Next Article in Journal
Pilot–Scale Production of Carbon Hollow Fiber Membranes from Regenerated Cellulose Precursor-Part I: Optimal Conditions for Precursor Preparation
Previous Article in Journal
Optimization of Detergent-Mediated Reconstitution of Influenza A M2 Protein into Proteoliposomes
Previous Article in Special Issue
Long-Term Performance of a Full-Scale Membrane Plant for Landfill Leachate Pretreatment: A Case Study
Article Menu

Export Article

Open AccessArticle
Membranes 2018, 8(4), 104; https://doi.org/10.3390/membranes8040104

The Impact of Mechanically-Imposed Shear on Clogging, Fouling and Energy Demand for an Immersed Membrane Bioreactor

1
Gas Processing Center, Qatar University, Doha, Qatar
2
Cranfield Water Science Institute, Cranfield Univeristy, Cranfield, Bedford MK43 0AL, UK
3
Department of Chemical Engineering, Qatar University, Doha, Qatar
*
Author to whom correspondence should be addressed.
Received: 31 August 2018 / Revised: 21 October 2018 / Accepted: 7 November 2018 / Published: 10 November 2018
(This article belongs to the Special Issue Membrane Bioreactor (MBR) Technology for Wastewater Treatment)
Full-Text   |   PDF [1856 KB, uploaded 17 November 2018]   |  

Abstract

The impact of the application of mechanically-imposed shear on the propensity for fouling and clogging (or “sludging”—the agglomeration of sludge solids in the membrane channel) of an immersed flat sheet (iFS) membrane bioreactor (MBR) was studied. The bench-scale test cell used contained a single flat sheet fitted with a crank and motor to allow the membrane to be oscillated (or reciprocated) vertically at a low rate (20 RPM). The membrane was challenged with sludge samples from a local MBR installation treating petroleum industry effluent, the sludge having previously been demonstrated as having a high sludging propensity. Sludging was measured by direct visual observation of membrane surface occlusion by the agglomerated solids, with fouling being notionally represented by the rate of transmembrane pressure increase. Results demonstrated membrane reciprocation to have a more beneficial impact on sludging amelioration than on suppressing fouling. Compared with the stationary membrane, sludging was reduced by an average of 45% compared with only 13% for fouling suppression at the reference flux of 15 L·m−2·h−1 applied. The specific energy demand of the mechanical shear application was calculated as being around 0.0081 kWh·m−3, significantly lower than values reported from a recent pilot scale study on a reciprocated immersed hollow fibre MBR. Whilst results appear promising in terms of energy efficiency, it is likely that the mechanical complexity of applying membrane movement would limit the practical application to low flows, and a correspondingly small number of membrane modules. View Full-Text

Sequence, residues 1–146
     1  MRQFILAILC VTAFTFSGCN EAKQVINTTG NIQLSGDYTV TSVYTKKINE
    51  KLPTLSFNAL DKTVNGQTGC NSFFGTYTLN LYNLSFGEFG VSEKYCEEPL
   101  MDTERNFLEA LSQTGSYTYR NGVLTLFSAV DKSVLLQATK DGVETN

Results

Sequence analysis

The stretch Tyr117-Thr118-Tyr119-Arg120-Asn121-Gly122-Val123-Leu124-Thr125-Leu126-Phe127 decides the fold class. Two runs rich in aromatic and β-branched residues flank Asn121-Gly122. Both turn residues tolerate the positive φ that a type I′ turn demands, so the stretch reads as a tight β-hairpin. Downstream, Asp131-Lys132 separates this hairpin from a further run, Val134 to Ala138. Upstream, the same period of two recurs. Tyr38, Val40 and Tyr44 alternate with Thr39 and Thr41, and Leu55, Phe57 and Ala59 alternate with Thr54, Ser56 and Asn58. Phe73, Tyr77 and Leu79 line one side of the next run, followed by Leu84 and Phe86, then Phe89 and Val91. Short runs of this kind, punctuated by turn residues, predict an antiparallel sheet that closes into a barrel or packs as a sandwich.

Keywords: membrane bioreactor; fouling; clogging; mechanical shear; specific energy demand membrane bioreactor; fouling; clogging; mechanical shear; specific energy demand
Figures

Figure 1

This is an open access article distributed under the Creative Commons Attribution License which permits unrestricted use, distribution, and reproduction in any medium, provided the original work is properly cited (CC BY 4.0).
SciFeed

Share & Cite This Article

MDPI and ACS Style

Judd, S.; Odai, A.; Buzatu, P.; Qiblawey, H. The Impact of Mechanically-Imposed Shear on Clogging, Fouling and Energy Demand for an Immersed Membrane Bioreactor. Membranes 2018, 8, 104.

Show more citation formats Show less citations formats

Note that from the first issue of 2016, MDPI journals use article numbers instead of page numbers. See further details here.

Related Articles

Article Metrics

Article Access Statistics

1

Comments

[Return to top]
Membranes EISSN 2077-0375 Published by MDPI AG, Basel, Switzerland RSS E-Mail Table of Contents Alert
Back to Top